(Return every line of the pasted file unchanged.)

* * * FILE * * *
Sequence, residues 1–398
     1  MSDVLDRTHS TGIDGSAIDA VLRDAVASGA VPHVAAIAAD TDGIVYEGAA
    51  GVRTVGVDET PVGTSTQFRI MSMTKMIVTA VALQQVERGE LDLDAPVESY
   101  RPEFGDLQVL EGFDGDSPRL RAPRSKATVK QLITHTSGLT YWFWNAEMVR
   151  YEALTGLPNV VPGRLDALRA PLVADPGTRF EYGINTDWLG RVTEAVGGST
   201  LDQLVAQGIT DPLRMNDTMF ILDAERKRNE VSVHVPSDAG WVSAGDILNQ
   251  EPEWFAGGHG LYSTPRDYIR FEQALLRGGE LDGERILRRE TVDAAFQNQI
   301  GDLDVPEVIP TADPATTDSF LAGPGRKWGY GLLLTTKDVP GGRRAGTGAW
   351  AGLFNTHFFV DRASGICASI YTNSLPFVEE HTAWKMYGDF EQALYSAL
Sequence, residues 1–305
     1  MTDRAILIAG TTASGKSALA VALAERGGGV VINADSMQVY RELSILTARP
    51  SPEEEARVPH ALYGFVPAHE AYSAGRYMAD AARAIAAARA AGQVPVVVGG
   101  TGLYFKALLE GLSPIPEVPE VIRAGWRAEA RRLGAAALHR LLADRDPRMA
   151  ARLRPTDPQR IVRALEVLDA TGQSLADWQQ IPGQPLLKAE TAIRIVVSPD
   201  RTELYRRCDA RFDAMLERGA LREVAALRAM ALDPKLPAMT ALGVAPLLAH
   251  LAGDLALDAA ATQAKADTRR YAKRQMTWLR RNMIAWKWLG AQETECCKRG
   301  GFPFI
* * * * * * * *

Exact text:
Sequence, residues 1–398
     1  MSDVLDRTHS TGIDGSAIDA VLRDAVASGA VPHVAAIAAD TDGIVYEGAA
    51  GVRTVGVDET PVGTSTQFRI MSMTKMIVTA VALQQVERGE LDLDAPVESY
   101  RPEFGDLQVL EGFDGDSPRL RAPRSKATVK QLITHTSGLT YWFWNAEMVR
   151  YEALTGLPNV VPGRLDALRA PLVADPGTRF EYGINTDWLG RVTEAVGGST
   201  LDQLVAQGIT DPLRMNDTMF ILDAERKRNE VSVHVPSDAG WVSAGDILNQ
   251  EPEWFAGGHG LYSTPRDYIR FEQALLRGGE LDGERILRRE TVDAAFQNQI
   301  GDLDVPEVIP TADPATTDSF LAGPGRKWGY GLLLTTKDVP GGRRAGTGAW
   351  AGLFNTHFFV DRASGICASI YTNSLPFVEE HTAWKMYGDF EQALYSAL
Sequence, residues 1–305
     1  MTDRAILIAG TTASGKSALA VALAERGGGV VINADSMQVY RELSILTARP
    51  SPEEEARVPH ALYGFVPAHE AYSAGRYMAD AARAIAAARA AGQVPVVVGG
   101  TGLYFKALLE GLSPIPEVPE VIRAGWRAEA RRLGAAALHR LLADRDPRMA
   151  ARLRPTDPQR IVRALEVLDA TGQSLADWQQ IPGQPLLKAE TAIRIVVSPD
   201  RTELYRRCDA RFDAMLERGA LREVAALRAM ALDPKLPAMT ALGVAPLLAH
   251  LAGDLALDAA ATQAKADTRR YAKRQMTWLR RNMIAWKWLG AQETECCKRG
   301  GFPFI